Direct Mail Letters versus Postcards - What's Better?
1 common question I get when teaching accounting marketing is about whether to use a direct mail postcard or letter in an envelope. Which is better?
Before I answer that question, the question that should precede this question is: does direct mail marketing work?
Absolutely, it works if you know how and incorporate best practices into your campaign. Direct mail marketing is effective when done properly and in a system.
Also, the decision to use a letter versus a postcard is priority # 3 in terms of what's most important. In other words, the physical characteristics of your direct mail campaign represent about 10% - 20% of what determines whether your campaign is successful.
Direct mail marketers are like statisticians. They test everything quantitatively to determine which variables are most important. They test the list, offer, message, color, font, expiration dates, letter versus postcard, type of paper, hand signature versus electronic, teaser copy, postage type, etc. They literally test everything.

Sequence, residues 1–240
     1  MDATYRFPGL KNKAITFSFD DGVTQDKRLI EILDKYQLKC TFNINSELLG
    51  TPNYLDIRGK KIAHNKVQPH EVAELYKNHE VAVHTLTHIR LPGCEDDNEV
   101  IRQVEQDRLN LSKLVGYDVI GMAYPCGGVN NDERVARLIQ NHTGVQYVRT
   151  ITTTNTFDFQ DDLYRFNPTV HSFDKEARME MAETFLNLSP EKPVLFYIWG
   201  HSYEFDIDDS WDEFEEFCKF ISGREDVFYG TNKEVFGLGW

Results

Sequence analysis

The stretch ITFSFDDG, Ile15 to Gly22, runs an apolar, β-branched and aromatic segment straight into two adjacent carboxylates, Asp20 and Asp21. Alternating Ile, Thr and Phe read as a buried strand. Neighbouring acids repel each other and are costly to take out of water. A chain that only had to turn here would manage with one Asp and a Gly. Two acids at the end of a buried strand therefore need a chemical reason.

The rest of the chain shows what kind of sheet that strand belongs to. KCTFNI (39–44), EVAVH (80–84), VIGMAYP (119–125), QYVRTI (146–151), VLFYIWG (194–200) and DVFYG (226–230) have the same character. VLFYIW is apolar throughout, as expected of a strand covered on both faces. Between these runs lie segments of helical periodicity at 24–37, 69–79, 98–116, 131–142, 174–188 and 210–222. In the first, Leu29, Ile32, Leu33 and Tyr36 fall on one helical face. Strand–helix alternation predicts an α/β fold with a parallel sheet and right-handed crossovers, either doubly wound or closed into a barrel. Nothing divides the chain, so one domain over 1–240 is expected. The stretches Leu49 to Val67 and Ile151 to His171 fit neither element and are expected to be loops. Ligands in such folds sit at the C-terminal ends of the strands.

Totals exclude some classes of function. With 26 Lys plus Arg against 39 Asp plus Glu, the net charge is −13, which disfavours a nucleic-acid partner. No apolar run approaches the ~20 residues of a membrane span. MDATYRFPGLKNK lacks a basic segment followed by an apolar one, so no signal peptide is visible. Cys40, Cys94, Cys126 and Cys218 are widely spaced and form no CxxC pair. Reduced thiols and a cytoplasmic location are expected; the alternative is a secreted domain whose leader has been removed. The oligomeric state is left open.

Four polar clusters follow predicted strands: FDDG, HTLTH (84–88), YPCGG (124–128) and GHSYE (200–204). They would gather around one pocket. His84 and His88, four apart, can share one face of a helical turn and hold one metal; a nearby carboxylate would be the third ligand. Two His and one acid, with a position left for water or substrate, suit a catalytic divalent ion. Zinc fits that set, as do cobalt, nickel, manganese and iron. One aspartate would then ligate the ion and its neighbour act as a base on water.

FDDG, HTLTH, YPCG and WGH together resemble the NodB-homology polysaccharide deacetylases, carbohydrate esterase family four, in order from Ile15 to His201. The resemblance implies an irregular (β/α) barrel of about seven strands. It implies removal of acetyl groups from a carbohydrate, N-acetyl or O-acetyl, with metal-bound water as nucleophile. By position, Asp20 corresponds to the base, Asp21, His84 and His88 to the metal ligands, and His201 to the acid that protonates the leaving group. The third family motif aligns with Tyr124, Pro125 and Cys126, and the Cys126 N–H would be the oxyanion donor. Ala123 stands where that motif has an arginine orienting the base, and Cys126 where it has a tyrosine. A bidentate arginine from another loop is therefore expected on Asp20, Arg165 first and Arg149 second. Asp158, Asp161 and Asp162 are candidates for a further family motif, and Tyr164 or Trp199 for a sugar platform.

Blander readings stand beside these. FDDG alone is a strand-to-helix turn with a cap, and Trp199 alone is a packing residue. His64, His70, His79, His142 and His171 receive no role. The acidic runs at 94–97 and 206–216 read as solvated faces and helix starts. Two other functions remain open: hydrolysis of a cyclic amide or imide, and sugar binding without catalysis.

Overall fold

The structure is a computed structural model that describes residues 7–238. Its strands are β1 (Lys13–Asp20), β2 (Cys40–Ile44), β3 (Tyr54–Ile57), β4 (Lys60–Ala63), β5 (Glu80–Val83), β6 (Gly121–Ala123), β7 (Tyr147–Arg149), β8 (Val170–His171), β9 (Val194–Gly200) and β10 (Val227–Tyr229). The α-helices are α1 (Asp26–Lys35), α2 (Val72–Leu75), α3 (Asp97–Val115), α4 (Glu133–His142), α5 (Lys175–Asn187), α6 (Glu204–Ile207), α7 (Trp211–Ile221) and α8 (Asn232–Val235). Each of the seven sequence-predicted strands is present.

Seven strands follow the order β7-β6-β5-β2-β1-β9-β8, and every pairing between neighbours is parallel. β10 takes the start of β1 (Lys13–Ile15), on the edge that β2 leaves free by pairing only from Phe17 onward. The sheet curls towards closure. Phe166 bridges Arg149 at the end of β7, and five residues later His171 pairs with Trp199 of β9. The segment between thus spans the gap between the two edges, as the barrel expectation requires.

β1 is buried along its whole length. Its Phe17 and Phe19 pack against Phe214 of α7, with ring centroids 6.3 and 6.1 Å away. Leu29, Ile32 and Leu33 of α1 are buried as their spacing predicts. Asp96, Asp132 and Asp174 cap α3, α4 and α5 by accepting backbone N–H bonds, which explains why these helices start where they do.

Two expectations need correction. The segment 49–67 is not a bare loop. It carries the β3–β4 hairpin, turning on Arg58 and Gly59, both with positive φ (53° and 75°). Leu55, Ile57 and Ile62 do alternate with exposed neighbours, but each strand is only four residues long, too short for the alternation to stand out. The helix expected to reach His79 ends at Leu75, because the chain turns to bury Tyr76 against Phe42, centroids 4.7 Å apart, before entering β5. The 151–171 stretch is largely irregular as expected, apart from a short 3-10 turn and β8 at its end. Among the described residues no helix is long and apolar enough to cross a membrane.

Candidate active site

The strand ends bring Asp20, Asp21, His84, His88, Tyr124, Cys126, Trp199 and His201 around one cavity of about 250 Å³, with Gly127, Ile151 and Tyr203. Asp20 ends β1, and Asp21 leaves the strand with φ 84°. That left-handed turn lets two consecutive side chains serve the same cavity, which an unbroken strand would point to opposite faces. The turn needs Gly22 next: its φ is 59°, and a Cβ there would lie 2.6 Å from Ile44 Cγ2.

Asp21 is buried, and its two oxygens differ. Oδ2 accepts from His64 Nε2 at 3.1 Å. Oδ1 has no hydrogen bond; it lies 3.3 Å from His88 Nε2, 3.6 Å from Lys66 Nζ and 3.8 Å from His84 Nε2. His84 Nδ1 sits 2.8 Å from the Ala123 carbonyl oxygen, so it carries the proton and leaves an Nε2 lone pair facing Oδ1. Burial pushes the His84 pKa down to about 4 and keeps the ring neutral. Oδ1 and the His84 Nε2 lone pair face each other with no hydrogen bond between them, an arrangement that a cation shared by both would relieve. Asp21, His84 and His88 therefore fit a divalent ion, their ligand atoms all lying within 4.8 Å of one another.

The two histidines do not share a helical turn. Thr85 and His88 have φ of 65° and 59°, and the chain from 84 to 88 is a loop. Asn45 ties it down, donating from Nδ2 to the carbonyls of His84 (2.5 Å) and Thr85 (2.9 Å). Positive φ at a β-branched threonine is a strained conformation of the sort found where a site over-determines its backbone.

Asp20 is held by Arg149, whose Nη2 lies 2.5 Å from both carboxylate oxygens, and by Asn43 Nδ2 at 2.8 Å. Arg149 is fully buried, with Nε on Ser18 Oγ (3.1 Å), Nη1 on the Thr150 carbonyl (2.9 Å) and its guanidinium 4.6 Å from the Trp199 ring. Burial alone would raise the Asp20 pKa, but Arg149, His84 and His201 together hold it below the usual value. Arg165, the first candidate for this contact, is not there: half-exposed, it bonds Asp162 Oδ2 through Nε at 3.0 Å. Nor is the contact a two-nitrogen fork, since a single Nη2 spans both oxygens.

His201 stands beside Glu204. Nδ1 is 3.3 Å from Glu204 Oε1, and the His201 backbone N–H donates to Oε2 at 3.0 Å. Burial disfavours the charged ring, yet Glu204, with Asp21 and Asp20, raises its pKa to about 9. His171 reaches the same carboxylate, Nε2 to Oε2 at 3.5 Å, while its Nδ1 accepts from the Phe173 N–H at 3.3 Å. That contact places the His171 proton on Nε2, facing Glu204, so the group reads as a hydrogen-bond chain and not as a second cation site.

Now that we've established that this question deals with a small portion of the sandbox, the answer is that the letter will outperform the postcard. Hands down!
Direct mail letters win because they allow you to tell more of your story and are more persuasive than postcards. A well crafted letter can paint a picture for your service like a talented salesperson can. They can create a need, deliver the benefits, and enhance the value of your services. And letters have a higher perceived value than postcards. Letters are more business oriented, especially for complex services.
Yes, I fully understand that letters are more expensive. For business-to-business campaigns targeting small business owners for ongoing accounting services, the ROI will be higher using direct mail letters. The exception to this rule is for business-to-consumer campaigns where you are strictly targeting individual tax clients. In this scenario, I would use the postcard and use the savings to increase the size of the mailing.
In a nutshell, use a direct mail letter when targeting business clients.
By Hugh Duffy
Hugh Duffy is the Chief Marketing Officer and Co-Founder of Build Your Firm, a practice development and marketing provider for accounting firms. They work with small and medium sized accounting firms. They offer a free e-book for new accounting startups. Download Critical Steps for Starting a New Accounting Practice